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A colleague asked me about a Regular expression problem, and I can't seem to find and answer for him.

We're using boundaries to highlight certain lengths of text in a text editor, but here's some sample code that shows the problem:

<script type="text/javascript">
var str = "Alpha , Beta, Gamma Delta Epsilon, AAlphaa, Beta Alpha<br/>";
var rx = new RegExp('\bAlpha\b','gim');

document.write(str.replace(/\b(Alpha)\b/gim, '-- $1 --'));
document.write(str.replace(rx, '== $1 =='));

The issue is, the first literal str.replace works, but the RegExp option doesn't.

I've got the same behaviour in IE and FF, anyone know why ?

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up vote 9 down vote accepted

I'm guessing it doesn't work because you need to escape the backslashes in your string that you pass to RegExp. You have this:

var rx = new RegExp('\bAlpha\b','gim');

You need this:

var rx = new RegExp('\\bAlpha\\b','gim');

The string you passed to RegExp has 2 backspace characters in it, since \b is the escape sequence for inserting a backspace into a string. You need to escape each backslash with another backslash.

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Doh, of course; Thanks! – Russ Clarke Jun 3 '10 at 13:51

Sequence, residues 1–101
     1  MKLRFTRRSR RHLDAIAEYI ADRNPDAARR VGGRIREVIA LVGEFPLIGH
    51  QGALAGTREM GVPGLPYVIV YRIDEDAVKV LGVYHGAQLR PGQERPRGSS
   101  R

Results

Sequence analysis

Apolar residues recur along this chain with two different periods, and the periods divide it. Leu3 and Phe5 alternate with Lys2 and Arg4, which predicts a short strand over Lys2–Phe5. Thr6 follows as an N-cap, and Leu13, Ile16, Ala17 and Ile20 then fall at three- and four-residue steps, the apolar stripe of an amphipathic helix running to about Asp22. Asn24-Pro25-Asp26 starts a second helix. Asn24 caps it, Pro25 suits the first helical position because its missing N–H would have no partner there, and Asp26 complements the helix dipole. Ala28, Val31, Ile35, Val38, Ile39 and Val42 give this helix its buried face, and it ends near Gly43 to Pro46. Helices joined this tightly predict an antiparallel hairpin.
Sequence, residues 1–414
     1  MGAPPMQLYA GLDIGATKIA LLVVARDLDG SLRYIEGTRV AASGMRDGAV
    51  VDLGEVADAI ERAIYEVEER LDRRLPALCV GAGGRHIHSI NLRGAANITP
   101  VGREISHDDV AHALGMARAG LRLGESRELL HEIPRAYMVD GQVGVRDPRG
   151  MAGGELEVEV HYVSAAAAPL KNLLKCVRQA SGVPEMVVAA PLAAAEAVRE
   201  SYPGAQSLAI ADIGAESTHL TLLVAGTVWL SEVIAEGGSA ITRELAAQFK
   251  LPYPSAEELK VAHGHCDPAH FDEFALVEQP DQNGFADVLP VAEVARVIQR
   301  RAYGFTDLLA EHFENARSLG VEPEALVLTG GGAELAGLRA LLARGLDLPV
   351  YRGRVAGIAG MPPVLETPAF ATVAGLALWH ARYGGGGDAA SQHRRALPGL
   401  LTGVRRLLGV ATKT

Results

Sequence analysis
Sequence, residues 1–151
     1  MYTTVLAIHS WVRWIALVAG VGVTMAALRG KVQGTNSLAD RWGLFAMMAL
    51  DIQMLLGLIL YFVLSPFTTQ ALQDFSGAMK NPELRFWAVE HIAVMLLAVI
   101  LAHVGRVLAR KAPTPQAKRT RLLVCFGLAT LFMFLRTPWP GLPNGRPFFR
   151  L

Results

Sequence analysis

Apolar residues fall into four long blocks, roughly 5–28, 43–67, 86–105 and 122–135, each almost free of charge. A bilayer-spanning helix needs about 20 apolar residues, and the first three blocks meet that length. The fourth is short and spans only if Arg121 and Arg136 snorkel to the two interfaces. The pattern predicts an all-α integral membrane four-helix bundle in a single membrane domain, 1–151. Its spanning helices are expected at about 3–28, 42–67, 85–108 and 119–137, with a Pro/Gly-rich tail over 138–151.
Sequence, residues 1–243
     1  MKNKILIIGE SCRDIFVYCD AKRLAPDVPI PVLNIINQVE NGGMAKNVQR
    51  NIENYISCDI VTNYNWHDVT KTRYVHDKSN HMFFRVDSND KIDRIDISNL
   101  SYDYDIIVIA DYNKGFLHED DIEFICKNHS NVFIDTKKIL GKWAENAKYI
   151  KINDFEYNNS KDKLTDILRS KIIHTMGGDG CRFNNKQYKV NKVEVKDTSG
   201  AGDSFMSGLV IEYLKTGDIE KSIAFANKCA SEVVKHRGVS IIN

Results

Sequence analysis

Also missing the capture parens: \\b(Alpha)\\b – Alex K. Jun 3 '10 at 14:07
yup, I had a Doh until I saw this answer. thx – CommentLuv Jun 8 '12 at 5:55

RegExp needs to have the escape character escaped:

new RegExp('\\bAlpha\\b')
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This is a string issue. \b in a string literal is a backspace!

RegExp('\\bAlpha\\b','gim'); would be the correct form

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There are 2 ways to write your regular expressions in Javascript

  1. literal
  2. RegExp object

In literal way, you use as you learned in your textbook, e.g. /balabala/ But in RegExp object, regular expression is written as a string.

Try the following codes, you know what string behaves in javascript.


There's another occasion when Regexp written in a textarea or input box. For example,

In this case, \ in Regexp need not be escaped.

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In fact you have to backslash everything in the string passed to the RegExp constructor :

var re = /my_([\w_]+-\d-)regexp/

is equivalent to :

var re = new RegExp("my_\(\[\\\w_\]+-\\\d-\)regexp")

And both match the following stupid example :

["my_very_obvious-4-regexp", "very_obvious-4-"]
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